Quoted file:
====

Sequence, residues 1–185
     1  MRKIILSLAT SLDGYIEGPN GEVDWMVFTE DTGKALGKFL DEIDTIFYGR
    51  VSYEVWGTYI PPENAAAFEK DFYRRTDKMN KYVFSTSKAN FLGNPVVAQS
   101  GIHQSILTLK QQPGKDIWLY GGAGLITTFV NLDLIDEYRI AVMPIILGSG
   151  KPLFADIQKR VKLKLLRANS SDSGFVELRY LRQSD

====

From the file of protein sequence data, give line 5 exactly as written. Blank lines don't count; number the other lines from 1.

   151  KPLFADIQKR VKLKLLRANS SDSGFVELRY LRQSD